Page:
Best and Worst Foods for Anxiety

You probably already know that the foods you eat can affect how you feel. Thanksgiving turkey makes you want to curl up for a nap. Meanwhile, that post-workout banana helps you recharge after exercising.

Anxiety might rear its ugly head for a range of reasons, including lack of sleep, chronic stress, and unrealistic thought patterns. But, your anxiety may be affected by foods and beverages, too. Certain foods are known to worsen anxiety symptoms while others quell them. Learn which foods to eat and avoid to get your anxiety under control.

Worst Foods for Anxiety

We’ll start with those you should be wary of…


Coffee might help you pull yourself together in the morning, or stay up to burn the midnight oil, but too much can hurt you. Caffeine is a stimulant, meaning it excites the nervous system and can lead to nervousness, jitteriness, and ultimately, anxiety.


You might view alcohol as an anti-anxiety tonic because it may help you calm down if you’re feeling anxious. But alcohol is a depressant that impacts nervous system functioning. Once the numbing affect wears off, anxiety may strike—sometimes days after.

Processed foods

High-glycemic processed foods like breads, snack crackers, and cakes are generally high in sugar (even the artificial kind) and gluten, both of which cause spikes in blood sugar that may trigger anxiety. These foods may also contain additives and preservatives that jeopardize gastrointestinal health—another problem that contributes to anxiety.

Best Foods for Anxiety

Now, for the foods that help with anxiety…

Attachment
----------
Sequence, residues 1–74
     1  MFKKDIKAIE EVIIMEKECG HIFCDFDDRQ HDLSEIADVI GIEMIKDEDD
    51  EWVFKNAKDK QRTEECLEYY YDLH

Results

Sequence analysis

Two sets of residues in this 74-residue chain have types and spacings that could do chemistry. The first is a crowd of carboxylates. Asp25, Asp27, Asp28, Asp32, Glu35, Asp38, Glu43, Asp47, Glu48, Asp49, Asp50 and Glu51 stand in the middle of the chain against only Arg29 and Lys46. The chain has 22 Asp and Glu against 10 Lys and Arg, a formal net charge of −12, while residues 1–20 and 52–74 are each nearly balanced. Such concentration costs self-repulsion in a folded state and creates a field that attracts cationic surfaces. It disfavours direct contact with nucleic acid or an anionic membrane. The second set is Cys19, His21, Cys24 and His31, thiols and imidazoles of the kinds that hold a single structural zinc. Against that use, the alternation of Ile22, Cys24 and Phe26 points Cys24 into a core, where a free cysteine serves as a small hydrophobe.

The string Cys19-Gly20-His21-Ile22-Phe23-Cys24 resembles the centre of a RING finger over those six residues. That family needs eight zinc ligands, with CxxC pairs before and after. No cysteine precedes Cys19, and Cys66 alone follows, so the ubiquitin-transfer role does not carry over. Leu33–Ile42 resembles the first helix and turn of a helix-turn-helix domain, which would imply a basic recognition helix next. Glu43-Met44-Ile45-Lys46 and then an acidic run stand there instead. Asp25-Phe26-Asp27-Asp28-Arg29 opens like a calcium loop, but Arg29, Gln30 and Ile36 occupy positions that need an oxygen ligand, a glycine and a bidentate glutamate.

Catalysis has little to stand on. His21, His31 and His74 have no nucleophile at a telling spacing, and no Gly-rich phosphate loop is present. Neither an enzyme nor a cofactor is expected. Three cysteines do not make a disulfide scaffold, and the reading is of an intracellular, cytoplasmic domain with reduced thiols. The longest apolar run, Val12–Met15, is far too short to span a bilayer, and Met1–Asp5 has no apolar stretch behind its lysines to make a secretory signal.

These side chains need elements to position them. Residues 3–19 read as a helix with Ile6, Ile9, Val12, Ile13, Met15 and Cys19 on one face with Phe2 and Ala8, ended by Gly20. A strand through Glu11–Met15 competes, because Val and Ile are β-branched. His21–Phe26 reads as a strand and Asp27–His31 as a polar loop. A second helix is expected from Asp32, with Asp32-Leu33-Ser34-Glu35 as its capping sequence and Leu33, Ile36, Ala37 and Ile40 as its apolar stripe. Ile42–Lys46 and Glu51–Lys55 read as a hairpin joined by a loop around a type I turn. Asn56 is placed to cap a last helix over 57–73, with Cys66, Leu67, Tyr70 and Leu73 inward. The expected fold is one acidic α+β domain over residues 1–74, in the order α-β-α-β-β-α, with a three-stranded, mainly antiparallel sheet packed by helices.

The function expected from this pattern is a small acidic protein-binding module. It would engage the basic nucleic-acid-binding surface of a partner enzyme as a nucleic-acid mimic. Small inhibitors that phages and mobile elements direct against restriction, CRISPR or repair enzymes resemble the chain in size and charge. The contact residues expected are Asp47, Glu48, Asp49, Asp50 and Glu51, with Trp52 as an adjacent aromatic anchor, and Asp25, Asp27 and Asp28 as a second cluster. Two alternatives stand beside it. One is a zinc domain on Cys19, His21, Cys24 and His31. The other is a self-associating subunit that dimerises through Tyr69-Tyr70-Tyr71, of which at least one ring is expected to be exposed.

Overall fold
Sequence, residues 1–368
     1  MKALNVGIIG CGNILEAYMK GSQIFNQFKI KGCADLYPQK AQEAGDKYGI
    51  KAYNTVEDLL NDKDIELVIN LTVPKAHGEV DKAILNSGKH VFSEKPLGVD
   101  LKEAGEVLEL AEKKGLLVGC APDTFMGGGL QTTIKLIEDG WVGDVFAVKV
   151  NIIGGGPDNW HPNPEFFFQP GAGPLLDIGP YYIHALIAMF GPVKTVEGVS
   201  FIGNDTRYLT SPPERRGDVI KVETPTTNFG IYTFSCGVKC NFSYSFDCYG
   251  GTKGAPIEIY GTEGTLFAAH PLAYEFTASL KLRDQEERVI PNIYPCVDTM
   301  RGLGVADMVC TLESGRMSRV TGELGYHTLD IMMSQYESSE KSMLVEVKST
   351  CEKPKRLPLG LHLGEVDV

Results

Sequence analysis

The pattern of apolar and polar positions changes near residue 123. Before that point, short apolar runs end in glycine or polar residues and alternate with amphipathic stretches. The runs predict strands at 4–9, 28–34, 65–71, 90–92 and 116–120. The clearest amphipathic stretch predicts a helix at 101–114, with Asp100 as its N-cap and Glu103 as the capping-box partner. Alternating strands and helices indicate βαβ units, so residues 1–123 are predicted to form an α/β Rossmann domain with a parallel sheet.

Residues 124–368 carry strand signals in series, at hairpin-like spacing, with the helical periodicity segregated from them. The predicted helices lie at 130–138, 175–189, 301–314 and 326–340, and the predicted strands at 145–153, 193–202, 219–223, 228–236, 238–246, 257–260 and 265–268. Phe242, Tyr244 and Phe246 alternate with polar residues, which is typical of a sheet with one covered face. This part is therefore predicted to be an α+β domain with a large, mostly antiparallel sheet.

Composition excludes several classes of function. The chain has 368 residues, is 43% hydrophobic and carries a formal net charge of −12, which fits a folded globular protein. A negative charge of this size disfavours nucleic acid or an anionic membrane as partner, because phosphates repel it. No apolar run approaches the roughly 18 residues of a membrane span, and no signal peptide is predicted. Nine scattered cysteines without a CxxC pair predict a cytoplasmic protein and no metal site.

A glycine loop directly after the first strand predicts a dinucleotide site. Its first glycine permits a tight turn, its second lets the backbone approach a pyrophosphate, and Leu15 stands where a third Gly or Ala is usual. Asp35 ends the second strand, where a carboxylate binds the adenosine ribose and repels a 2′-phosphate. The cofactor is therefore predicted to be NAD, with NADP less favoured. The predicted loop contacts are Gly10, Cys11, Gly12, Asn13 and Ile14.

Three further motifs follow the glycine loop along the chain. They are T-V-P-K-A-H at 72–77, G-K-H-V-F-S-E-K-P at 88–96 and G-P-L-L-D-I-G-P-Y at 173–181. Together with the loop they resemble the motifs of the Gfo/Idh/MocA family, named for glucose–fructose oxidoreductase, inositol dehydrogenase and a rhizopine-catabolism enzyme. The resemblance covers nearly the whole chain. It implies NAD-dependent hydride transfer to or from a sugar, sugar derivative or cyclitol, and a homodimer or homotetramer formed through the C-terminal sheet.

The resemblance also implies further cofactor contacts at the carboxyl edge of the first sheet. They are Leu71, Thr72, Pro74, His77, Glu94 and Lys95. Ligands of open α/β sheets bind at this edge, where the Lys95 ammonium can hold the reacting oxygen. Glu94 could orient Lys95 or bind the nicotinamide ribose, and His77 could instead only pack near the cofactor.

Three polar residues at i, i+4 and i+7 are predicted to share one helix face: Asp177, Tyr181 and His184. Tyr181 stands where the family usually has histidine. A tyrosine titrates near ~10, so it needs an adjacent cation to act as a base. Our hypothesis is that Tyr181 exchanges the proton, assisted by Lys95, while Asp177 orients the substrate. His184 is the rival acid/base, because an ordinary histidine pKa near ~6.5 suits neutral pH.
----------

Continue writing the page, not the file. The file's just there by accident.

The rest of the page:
Among all berries, blueberries are the most rich in anthocyanin, an antioxidant known for its mental health benefits. Plus, the Vitamin C in these fruit reduces cortisol that worsens stress.


This tea gets the gold-standard for helping relieve anxiety. It’s generally recommended to ease sleepiness at night, but it works quite well for easing anxiety symptoms. You can take it in supplement form, but drinking the warm tea is more likely to calm you down faster, and it’s a nice way to practice self-care.


Before you start cheering, we’re referring to higher cacao content, pure dark chocolate. Chocolate also lessens the productions of the stress hormone cortisol. It also helps regulate blood pressure, which can be helpful when anxiety strikes.

Green tea

Although it does contain caffeine, the amounts in a cup of green tea are much less. Plus, the benefits outweigh the risks—green tea is said to fight cancer, improve cardiovascular health, and improve cognition, the latter which is especially helpful to anxiety-sufferers.

Different people have varying levels of sensitivity to food, so you may find some other foods may help or hurt your anxiety, too.

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